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Project Description

Tokyo Cabinet (http://1978th.net/tokyocabinet/) is a modern implementation of DBM database. Mikio Hirabayashi (the author of Tokyo Cabinet) describe the project as:

Tokyo Cabinet is a library of routines for managing a database. The
database is a simple data file containing records, each is a pair of
a key and a value. Every key and value is serial bytes with variable
length. Both binary data and character string can be used as a key
and a value. There is neither concept of data tables nor data
types. Records are organized in hash table, B+ tree, or fixed-length
array.

The py-tcdb project is an interface to the library using the ctypes Python module and provides a two-level access to TC functions: a low level and a high level.

Low Level API

We can interface with TC library using directly the tc module. This module declare all functions and data types. For example, if we want to create a HDB (hash database object) we can write:

from tcdb import tc
from tcdb import hdb

db = tc.hdb_new()

if not tc.hdb_open(db, 'example.tch', hdb.OWRITER|hdb.OCREAT):
    print tc.hdb_errmsg(tc.hdb_ecode(db))

if not tc.hdb_put2(db, 'key', 'value'):
    print tc.hdb_errmsg(tc.hdb_ecode(db))

v = tc.hdb_get2(db, 'key')

print 'VALUE:', v.value

tc.hdb_close(db)
tc.hdb_del(db)

The low level API works with ctypes types (like c_char_p or c_int).

High Level API

For each kind of database type allowed in TC, we have a Python class that encapsulate all the functionality. For every class we try to emulate the bsddb Python module interface. This interface is quite similar to a dict data type with persistence.

Also, for HDB, DBD and FDB databases we have a simple version, designed to work only with strings. This version is faster than no-simple ones: it avoids serialization, data conversions (in Python arena) and use a different way for call C functions. Use the ‘simple’ class if you want speed and only need string management.

We also try to improve this API. For example, we can work with transactions using the with Python keyword.

Hash Database

We can use the HDB class to create and manage TC hash databases. This class behaves like a dictionary object, but we can use put and get methods in order to have more control over the stored data. In a hash database we can store serialized Python objects as a key or as a value, or raw data (that can be retrieved from the database using C, Lua, Perl or Java).

from tcdb import hdb

# The open method can change other params like cache or
# auto defragmentation steep.
db = hdb.HDB()
db.open('example.tch')

# Store pickled object in the database
db['key'] = 10
assert type(db['key']) == int

db['key'] = 1+1j
assert type(db['key']) == complex

db[1+1j] = 'text'
assert type(db[1+1j]) == str

# If we use put/get, we can store raw data
# Equiv. to use db.put_int('key', 10, as_raw=True)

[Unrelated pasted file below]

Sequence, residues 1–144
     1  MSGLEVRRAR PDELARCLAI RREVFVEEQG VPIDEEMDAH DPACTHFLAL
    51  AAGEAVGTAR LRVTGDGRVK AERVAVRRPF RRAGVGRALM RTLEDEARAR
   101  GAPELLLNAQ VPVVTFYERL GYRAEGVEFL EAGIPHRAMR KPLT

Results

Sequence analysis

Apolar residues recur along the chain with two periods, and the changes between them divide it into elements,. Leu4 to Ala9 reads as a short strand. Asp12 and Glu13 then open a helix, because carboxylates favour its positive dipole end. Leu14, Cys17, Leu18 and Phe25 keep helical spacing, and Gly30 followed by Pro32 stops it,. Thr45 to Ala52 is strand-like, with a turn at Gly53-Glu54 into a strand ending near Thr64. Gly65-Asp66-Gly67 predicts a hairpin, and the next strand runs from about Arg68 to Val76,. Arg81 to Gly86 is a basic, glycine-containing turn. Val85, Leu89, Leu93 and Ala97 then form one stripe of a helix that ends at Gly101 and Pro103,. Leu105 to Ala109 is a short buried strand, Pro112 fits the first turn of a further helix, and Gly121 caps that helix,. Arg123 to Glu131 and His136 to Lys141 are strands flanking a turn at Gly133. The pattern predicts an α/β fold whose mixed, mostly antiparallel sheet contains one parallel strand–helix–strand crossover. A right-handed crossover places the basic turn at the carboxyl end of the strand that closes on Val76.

db.put('key', 10, raw_key=True, raw_value=True)
# Equiv. to use db.get_int('key', as_raw=True)
assert db.get('key', raw_key=True, value_type=int) == 10

# We can remove records using 'del' keyword
# or out methods
db.out('key', as_raw=True)

# We can iterate over the records.
for key, value in db.iteritems():
    print key, ':', value

# The 'with' keywork works as expected
with db:
    db[10] = 'ten'
    assert db[10] == 'ten'
    raise Exception

# Because we abort the transaction, we don't
# have the new record
try:
    db[10]
except KeyError:
    pass

B+ Tree Database

We can use the class BDB to create and manage B+ tree TC databases. The API is quite similar to the HDB one. One thing that we can do with BDB class is that we can access using a Cursor. With range we can access to a set of ordered keys in a efficient way, and with Cursor object we can navigate over the database.

Fixed-length Database

FDB class can create and manage a fixed-length array database. In this kind of database we can only use int keys, like in a dynamic array.

Table Database

Tokyo Cabinet can use a variation of a hash database to store table-like object. In Python we can use a dict object to represent a single table. With THD we can store these tables and make queries using Query object.

from tcdb import tdb

# The open method can change other params like cache or
# auto defragmentation steep.
db = tdb.TDB()
db.open('example.tct')

# Store directly a new table
alice = {'user': 'alice', 'name': 'Alice', 'age': 23}
db['pk'] = alice
assert db['pk'] == alice
assert type(db['pk']['age']) == int

# If we use put/get, we can store raw data
db.put('pk', alice, raw_key=True, raw_cols=True)
# Equiv. to use db.get_col_int('pk', 'age', raw_key=True)
schema = {'user': str, 'name': str, 'age': int}
assert db.get('pk', raw_key=True, schema=schema)['age'] == 23

# We can remove records using 'del' keyword
# or out methods
del db['pk']

Abstract Database

For completeness, we include the ADB abstract interface for accessing hash, B+ tree, fixed-length and table database objects.

Release History

Release History

0.4

This version

History Node

TODO: Figure out how to actually get changelog content.

Changelog content for this version goes here.

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0.3

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0.2

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0.1

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TODO: Figure out how to actually get changelog content.

Changelog content for this version goes here.

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Download Files

Download Files

TODO: Brief introduction on what you do with files - including link to relevant help section.

File Name & Checksum SHA256 Checksum Help Version File Type Upload Date
py-tcdb-0.4.tar.gz (73.7 kB) Copy SHA256 Checksum SHA256 Source Mar 28, 2011

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